Annual Kendig Art Awards Announced; more …

Here’s a summary of briefs from around Southwest and Southside. Send yours to [email protected] for possible inclusion.

From left: Frank Shushok Jr., President of Roanoke College; Michael Mansfield; Sandra Meithaler; Seth Davis; Susan Smith, representative of the Roanoke Valley Children’s Choir; Douglas Jackson; Michael Hemphill; and Mary Dana Hinton, President of Hollins University. Photo courtesy of Roanoke College.

2022 Kendig Award winners announced

The Perry F. Kendig Awards, presented annually to individuals and organizations that support the arts in the Roanoke area, were presented Tuesday at Hollins University.

The awards, co-sponsored by Hollins and Roanoke College, are named for the late Perry F. Kendig, who served as President of Roanoke College and was an avid supporter and patron of the arts.

Three awards were given:

  • The Individual Artist Award went to Seth Davis, resident music director of Mill Mountain Theatre. For nearly a decade, Davis has inspired more than 4,000 children and teens by helping them find joy and fulfillment through music. Its students develop leadership skills and talents that they can use in their studies and future careers. “Teaching is Seth Davis’ passion; Music is his language,” said one of the nominators.
  • The Arts and Cultural Organization Award was presented to the Roanoke Valley Children’s Choir. For 35 years, the RVCC has served the needs of young people throughout the Roanoke Valley, providing an artistic and in-depth study of the voice in a choral setting. The choir currently consists of 130 singers between the ages of 7 and 18. It is divided into a “Little Singers” group for children aged 4 to 6, three training choirs and one concert choir, and children progress through the groups as their development and skills deepen.
  • The Individual or Business Arts Supporter Award was presented to Douglas Jackson, City of Roanoke Arts and Culture Coordinator and Capacity Development Specialist for the Virginia Department of Housing and Community Development. Jackson is a longtime ally of the arts in Virginia’s Blue Ridge, committed to finding ways to make the arts engaging and accessible to all. He has accomplished this through community initiatives such as BOOK CITY and Roanoke’s Year of the Artist. “Doug’s belief in the power of art to strengthen communities in all their diversity and build trusting relationships is contagious,” said one nominator.

Other nominees included Michael Hemphill, founder and host of the Blue Ridge PBS and YouTube show “Buzz4Good”; Michael Mansfield, an actor and director who has worked with several local arts organizations; and Sandra Meythaler, executive director of the Roanoke Ballet Theatre.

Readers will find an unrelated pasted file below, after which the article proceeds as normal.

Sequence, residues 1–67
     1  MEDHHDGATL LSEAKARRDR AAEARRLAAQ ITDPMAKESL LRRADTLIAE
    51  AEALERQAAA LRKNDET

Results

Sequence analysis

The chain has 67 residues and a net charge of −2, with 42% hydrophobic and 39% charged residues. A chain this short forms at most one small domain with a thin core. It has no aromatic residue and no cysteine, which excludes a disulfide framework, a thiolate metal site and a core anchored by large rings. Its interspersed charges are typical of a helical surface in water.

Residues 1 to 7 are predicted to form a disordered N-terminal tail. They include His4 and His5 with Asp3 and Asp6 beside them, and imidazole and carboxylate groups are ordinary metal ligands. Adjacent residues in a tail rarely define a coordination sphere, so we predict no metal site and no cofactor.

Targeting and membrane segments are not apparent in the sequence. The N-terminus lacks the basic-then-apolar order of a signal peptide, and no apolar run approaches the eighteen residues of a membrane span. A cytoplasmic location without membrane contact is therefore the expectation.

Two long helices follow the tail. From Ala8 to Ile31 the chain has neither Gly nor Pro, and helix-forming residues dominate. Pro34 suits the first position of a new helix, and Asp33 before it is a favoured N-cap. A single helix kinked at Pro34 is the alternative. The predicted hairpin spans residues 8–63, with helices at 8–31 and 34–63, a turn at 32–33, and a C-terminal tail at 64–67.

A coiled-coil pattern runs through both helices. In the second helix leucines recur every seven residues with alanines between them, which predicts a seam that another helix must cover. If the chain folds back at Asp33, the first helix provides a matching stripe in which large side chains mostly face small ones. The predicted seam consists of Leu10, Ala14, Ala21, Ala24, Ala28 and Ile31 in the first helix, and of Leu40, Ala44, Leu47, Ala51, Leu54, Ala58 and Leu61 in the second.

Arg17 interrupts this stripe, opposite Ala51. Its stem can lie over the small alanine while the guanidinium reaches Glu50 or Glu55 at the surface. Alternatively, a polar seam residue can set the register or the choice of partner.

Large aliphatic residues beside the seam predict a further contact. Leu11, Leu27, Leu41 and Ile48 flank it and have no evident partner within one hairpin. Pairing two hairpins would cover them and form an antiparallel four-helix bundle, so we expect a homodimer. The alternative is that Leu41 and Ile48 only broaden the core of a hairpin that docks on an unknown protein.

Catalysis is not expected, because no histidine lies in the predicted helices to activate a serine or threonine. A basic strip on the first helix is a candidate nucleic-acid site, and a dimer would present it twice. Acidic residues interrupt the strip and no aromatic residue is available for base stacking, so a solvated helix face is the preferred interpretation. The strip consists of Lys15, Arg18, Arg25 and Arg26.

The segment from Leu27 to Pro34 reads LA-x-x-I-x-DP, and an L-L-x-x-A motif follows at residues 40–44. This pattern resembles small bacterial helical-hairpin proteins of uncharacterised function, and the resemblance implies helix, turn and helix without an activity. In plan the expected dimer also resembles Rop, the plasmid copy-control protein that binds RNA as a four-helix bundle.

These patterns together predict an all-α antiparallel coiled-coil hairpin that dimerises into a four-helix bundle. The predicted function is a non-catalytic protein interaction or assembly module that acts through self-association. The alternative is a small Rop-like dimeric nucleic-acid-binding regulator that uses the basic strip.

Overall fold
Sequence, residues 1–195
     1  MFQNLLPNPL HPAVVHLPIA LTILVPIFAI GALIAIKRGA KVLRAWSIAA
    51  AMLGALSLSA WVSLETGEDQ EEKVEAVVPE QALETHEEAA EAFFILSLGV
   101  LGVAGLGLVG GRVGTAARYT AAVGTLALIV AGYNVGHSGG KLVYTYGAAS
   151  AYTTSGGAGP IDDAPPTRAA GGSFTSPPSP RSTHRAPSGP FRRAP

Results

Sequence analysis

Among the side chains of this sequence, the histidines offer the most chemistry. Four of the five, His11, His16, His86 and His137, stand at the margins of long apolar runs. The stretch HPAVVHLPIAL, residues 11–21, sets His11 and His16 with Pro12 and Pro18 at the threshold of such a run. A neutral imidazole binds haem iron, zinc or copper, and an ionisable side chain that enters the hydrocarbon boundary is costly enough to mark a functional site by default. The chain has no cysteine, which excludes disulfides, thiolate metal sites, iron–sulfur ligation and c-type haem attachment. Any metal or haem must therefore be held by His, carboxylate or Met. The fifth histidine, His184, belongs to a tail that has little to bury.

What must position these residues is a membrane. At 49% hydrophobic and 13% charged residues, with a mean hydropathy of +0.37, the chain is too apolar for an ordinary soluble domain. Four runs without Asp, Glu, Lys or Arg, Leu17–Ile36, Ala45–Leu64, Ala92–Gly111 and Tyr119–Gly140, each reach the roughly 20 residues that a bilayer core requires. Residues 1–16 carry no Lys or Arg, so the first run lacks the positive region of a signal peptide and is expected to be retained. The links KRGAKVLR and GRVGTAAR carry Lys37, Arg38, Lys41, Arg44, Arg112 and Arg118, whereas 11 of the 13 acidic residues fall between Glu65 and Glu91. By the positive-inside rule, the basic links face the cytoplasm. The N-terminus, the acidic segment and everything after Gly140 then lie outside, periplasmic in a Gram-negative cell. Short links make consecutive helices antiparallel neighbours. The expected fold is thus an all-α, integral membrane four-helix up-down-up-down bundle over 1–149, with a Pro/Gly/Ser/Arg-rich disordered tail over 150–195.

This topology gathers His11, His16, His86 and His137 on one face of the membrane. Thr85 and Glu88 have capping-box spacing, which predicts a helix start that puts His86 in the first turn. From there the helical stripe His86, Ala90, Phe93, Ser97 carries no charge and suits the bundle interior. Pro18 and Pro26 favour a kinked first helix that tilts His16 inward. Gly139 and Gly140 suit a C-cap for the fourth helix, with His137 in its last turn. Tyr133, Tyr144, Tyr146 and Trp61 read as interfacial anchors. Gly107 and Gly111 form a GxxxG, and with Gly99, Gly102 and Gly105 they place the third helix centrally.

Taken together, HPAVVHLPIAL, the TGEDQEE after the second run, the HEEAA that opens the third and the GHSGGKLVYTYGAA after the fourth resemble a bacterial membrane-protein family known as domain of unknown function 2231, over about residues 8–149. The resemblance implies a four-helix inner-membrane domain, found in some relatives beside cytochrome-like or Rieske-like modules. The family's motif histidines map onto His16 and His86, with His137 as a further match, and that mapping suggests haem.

The Kendig Awards program was established in 1985 and was presented annually by the Arts Council of the Blue Ridge until 2012. Hollins University and Roanoke College have been collaborating on the program for 10 years now. Kendig’s sons, Bill Kendig, a 1980 graduate of Roanoke College, and John Kendig attended Tuesday’s event.

“We appreciate that Roanoke College and Hollins University honor Dad with this award,” said John Kendig. “He would like to be here. He would be in his element.”


Nutrition and health programs are federally funded

Three initiatives in Virginia that provide health care and nutritional assistance have received a total of $2.5 million in assistance from the US Department of Agriculture for community agencies through the Emergency Rural Health Care Grant Program.

The funding, announced Thursday by the offices of US Sentas Mark Warner and Tim Kaine, both D-Virginia, will be distributed as follows:

  • $467,900 to Appalachian Sustainable Development in Duffield to expand food distribution and help food supplies meet their financial costs.
  • $1 million to the Harvest Outreach Center in Gladys to help Virginians access mental health care through telemedicine and reimburse revenue lost during the COVID pandemic.
  • $1 million to Northampton County to purchase emergency medical services, medical and food prep equipment, and new generators for two elementary schools.

* * *

The SML Pavilion opens in Moneta

The SML Pavilion, a non-profit venue in Moneta, opened this week with a community gathering.

The pavilion offers a performance stage and seating for up to 220 people under a 40-foot by 100-foot tent. All events at the pavilion benefit nonprofit organizations in the Smith Mountain Lake area, including SML Good Neighbors, Lake Christian Ministries, Children’s Assistive Technology Service and the Moneta Fire Department.

* * *

Management Institute at Roanoke College accepting nominations in 2023

The Management Institute, sponsored by Roanoke College’s Department of Business and Economics, is accepting nominations for its 2023 Management Program.

Application deadline is November 11th. The program will be held during the spring semester and kick off on January 17th with a networking and team building event. The program runs for 12 weeks and meets at Roanoke College on Thursday evenings.

To participate, an employee must be nominated by an organizational sponsor. Organizations can appoint more than one employee. A maximum of 18 candidates will be admitted to the program at a cost of $1,950 per participant.

To nominate someone or to learn more about the program, visit

About Stephanie McGehee

Check Also

Find the next big artist in MCAD’s Art Sale

Imagine an art sale featuring thousands of world-class pieces from hundreds of world-class artists, with …